All of Angel’s training was going on during hunting season, so she tagged along with me and the first two beagles I bought. I had all the confidence in the world in her — she knew what she was supposed to do — but for some reason she wouldn’t run with the other two dogs. Several weeks later I went hunting with a buddy and five of his dogs. She’d run all day with the pack, but she never opened her mouth.

Then, one day in late February my dad shot a cottontail that had been run by my two adult dogs, and we noticed that Angel wasn’t with them. Then, we heard her 100 yards off open up on a different trail. The two adult dogs went to her and all three dogs were running together. The rest was history.

Remember, I’m still new to this beagling game, but from the six pups I’ve raised, and from talking to other beaglers, a newly trained puppy not running with adult dogs isn’t uncommon. I had one pup that could run, but she’d only run with her sister. If you put another dog in the race she wouldn’t run at all. She got over it, but I believe she just needed some experience. I’ve got two pups right now that can smoke a tamed rabbit, but they haven’t opened up with my pack yet — and they’re 10 months old. I talked with a buddy of mine about this, and he said he had a 1-year-old puppy that just started running. He told me each dog is different — some start trailing rabbits sooner than others.
I run my dogs year-round, and I’m not alone. Everyone asks, “Are you worried about rattlesnakes?” You’re dang right I am, but I’m not going to leave them in the kennel from March through November, either.

Running the dogs keeps them in shape, their noses sharp, and I just like running my dogs. It’s fun, and I can’t think of a better way to spend a summer night than circled around the back of a pickup with good friends talking hunting while listening to dogs.

When I go out with my dogs in the summer, I’ll go right before dark or right before daybreak, and I won’t open the dog box until I see a rabbit sitting in the road. This way my dogs won’t get exhausted searching for a rabbit in the summer heat and humidity, plus it won’t give a puppy time to wander around and discover new smells — like deer. You want that pup to think, rabbit, rabbit, rabbit.

I won’t run my dogs in the summer unless there’s some sort of moisture on the ground. This can be an afternoon thunderstorm or a good dew first thing in the morning. The dogs must have moisture to smell.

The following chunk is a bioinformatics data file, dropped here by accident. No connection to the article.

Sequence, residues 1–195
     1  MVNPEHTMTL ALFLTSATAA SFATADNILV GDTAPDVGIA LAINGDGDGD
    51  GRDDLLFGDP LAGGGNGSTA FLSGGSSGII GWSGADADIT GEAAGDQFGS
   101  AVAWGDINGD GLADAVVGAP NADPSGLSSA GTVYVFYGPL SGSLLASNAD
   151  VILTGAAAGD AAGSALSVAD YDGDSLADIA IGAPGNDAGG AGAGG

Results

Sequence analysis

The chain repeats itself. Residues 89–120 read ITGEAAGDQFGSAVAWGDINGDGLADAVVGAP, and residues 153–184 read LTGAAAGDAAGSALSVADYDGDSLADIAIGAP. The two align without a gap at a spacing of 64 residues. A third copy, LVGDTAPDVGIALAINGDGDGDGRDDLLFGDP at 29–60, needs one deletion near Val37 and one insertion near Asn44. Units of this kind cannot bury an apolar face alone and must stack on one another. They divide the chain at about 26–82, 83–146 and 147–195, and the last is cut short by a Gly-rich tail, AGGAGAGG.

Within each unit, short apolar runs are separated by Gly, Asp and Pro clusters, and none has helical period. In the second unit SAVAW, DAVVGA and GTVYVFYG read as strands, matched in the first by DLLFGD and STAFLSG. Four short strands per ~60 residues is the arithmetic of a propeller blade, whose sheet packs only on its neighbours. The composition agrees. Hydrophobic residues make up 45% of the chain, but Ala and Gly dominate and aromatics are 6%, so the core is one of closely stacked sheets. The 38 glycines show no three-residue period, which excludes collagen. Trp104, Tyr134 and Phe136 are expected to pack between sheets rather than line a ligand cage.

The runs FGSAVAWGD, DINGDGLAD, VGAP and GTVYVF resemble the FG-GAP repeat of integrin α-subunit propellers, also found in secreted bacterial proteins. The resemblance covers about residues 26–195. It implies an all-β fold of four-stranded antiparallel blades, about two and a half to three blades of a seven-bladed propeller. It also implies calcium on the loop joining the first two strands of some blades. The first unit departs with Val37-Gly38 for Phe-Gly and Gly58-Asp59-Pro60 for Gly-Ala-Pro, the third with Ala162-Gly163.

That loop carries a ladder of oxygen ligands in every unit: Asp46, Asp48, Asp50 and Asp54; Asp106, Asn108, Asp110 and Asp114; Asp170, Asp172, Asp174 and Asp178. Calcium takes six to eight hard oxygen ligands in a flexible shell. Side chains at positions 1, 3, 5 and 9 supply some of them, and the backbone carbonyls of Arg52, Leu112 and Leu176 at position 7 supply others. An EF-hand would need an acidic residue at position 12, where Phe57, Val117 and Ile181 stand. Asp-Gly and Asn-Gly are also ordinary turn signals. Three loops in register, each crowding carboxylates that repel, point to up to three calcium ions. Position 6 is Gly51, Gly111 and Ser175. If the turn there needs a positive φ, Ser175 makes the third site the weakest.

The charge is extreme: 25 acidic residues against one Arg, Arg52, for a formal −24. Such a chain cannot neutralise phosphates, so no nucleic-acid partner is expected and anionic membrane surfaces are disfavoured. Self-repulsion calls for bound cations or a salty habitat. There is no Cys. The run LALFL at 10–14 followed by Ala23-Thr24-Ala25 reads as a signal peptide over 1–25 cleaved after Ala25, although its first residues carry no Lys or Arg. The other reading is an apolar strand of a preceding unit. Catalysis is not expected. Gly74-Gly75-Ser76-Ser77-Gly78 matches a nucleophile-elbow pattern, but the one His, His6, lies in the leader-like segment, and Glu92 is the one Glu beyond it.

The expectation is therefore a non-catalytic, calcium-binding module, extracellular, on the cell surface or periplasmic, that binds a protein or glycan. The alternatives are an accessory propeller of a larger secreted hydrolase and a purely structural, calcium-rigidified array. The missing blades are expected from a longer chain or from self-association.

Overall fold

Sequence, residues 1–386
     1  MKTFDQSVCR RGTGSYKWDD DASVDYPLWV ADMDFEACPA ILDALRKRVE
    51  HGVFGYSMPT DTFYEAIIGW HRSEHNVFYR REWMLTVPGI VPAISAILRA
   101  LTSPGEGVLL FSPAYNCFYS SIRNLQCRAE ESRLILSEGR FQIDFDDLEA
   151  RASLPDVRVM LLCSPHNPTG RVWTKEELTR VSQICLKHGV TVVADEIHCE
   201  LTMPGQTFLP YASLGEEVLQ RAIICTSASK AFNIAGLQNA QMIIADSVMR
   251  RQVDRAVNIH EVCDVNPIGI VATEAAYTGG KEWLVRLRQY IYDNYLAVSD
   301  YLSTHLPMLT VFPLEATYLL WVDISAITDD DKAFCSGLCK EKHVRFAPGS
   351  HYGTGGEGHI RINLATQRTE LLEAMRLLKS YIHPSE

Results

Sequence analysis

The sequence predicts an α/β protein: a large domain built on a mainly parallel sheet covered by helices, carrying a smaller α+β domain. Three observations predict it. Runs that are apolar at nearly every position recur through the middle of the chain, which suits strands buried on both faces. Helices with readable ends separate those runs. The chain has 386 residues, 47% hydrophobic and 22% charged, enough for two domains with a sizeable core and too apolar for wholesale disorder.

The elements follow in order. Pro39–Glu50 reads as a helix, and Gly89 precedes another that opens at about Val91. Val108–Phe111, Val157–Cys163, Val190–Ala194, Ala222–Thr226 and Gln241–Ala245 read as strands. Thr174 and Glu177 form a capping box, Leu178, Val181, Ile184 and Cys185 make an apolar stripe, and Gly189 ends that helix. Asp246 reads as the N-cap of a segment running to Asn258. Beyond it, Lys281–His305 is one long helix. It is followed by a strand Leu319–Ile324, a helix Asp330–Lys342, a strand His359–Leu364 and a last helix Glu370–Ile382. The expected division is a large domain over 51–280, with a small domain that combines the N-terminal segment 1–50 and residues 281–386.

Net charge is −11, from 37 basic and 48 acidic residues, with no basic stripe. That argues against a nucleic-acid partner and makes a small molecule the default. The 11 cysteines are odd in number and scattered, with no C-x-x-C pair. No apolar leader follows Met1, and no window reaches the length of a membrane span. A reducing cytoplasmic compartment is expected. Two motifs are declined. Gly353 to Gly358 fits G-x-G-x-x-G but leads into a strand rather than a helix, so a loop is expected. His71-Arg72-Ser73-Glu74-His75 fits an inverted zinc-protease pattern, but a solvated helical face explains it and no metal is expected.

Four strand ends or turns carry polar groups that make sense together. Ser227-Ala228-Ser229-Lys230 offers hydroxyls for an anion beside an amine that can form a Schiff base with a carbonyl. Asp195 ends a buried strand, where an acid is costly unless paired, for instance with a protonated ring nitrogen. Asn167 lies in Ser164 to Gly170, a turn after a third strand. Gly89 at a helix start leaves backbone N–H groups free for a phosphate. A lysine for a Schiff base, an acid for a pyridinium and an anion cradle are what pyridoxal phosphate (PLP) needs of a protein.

One of the questions I get asked a lot is, “How do you get your dogs back?” Great question, and it’s one I laugh at because I really haven’t figured out the answer, yet. First of all, you ain’t getting them back while they’re hot on the trail — unless they’re crossing a road and you can get your hands on them.

When they’re in thick cover, I’m not going in there with the ticks and snakes. When I’m ready to head for the house, and the dogs haven’t barked on a track in five or 10 minutes, I holler, like every other beagler I’ve seen, trying to sound like a dog. That does work a lot of times. However, I’ve got some stubborn dogs that sometimes won’t leave an area even if they lose the track. They know that rabbit is there, and they’re not going to give up looking for it.

Eventually, and I use this word very loosely, the dogs will give up and come on to the truck. A word of warning — the odds are good that when five dogs are coming back to the truck, they’ll jump another rabbit. I went out in July with some buddies. There was a light rain falling through the night and the dogs were hammering — they could smell so well. I was out until daylight that time.

When I get home from running or hunting, my dogs live on an 11X11 concrete slab, inside a 10X10 kennel, complete with roof. The addition of the concrete slab means the dogs can’t dig out, and it allows me to hose out the waste onto the dirt. However, it didn’t take me long to realize that dog waste on the dirt wasn’t going to work — or at least my wife told me the smell wasn’t going to work.

Me and a buddy put in a septic system. Now the waste goes out the back of the kennel onto sloped concrete and into a 55-galloon drum with holes drilled in the bottom and on the sides. Three-quarters of the drum is buried, and we filled the drum one-third full of big-sized gravel. We also put gravel around the outside of the drum. We included an overflow pipe out the back for times of heavy rain. I put lime in it about once a week, and the system keeps the beagles in a much cleaner environment. I’ve already learned this month, as the leaves have begun to fall, that I need to put a grate over the mouth of the drum. Leaves will get in the barrel and can clog it. I told you I still keep learning.
It’s a lot of work, and there’s still tons of beagling tricks to learn. When opening day of rabbit season hits on November 13, I’ll be spending it with good friends, and when the first dog opens its mouth on fresh cottontail scent, everyone will be excited.

That’s what makes the hard work that comes with living with beagles all worthwhile… I wouldn’t trade it for anything.